Inspired (loosely) by societies like the Gunditjmara and natives of the Pacific Northwest, I always have envisioned a system of aquaculture for one of my concultures, though agricultural studies are hardly my forte, so I figure I should make sure that my system is feasible, and that there are no glaring mistakes.
The society in question lives in a cool temperate climate; summer highs are in the low 60s Fahrenheit, winter lows drop into the 20s Fahrenheit, with low pressure systems from the west bringing rain year-round. It's roughly analogous to the southern tip of Chile.
Broadly speaking, the west is mountainous fjord country and the east transitions from higher land in the interior to a coastal plain. The eastern side is a bit more continental and much drier than the western climate, due to föhn winds as well as more persistent winter cold fronts.
My idea was that people on the northern part of the western coast would invent a form of aquaculture, maybe first by harvesting tide pools and littoral environments, and then by building small structures where they would grow products like kelp, mussels, sea slugs, and fish together in a kind of mini-ecosystem, resembling modern Integrated Multi Tropic level Aquaculture (IMTA).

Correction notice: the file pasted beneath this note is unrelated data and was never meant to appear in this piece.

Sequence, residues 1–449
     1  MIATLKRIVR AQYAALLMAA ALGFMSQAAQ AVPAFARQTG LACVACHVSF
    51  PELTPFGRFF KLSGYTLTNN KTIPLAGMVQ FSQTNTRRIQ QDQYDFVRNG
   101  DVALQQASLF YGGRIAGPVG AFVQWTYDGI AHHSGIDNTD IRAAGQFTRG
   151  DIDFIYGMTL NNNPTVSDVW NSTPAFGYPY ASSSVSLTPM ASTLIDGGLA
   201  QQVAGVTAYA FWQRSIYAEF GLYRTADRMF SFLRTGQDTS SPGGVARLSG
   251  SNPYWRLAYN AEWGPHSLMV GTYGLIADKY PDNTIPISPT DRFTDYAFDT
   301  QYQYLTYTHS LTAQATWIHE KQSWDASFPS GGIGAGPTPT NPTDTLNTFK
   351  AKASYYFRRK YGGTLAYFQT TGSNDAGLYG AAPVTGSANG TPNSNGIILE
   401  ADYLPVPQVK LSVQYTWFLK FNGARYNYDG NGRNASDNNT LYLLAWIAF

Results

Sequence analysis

This would be supplemented by learning to grow tubers and peas, as well as trading for livestock (llamas, maybe sheep) from herders in the highlands.
I know that neither my western nor eastern regions are the kind of subtropical river valley paradises where complex societies emerge the best, but I'm willing to have these people take some more time to have a food surplus and create a civilization in their own, cool temperate environment. I'd just like criticism on whether this is a feasible path and whether the eastern coast is actually a better place than the west for the emergence of a civilization (I always imagined a vibrant urban and maritime culture emerging along the west coast).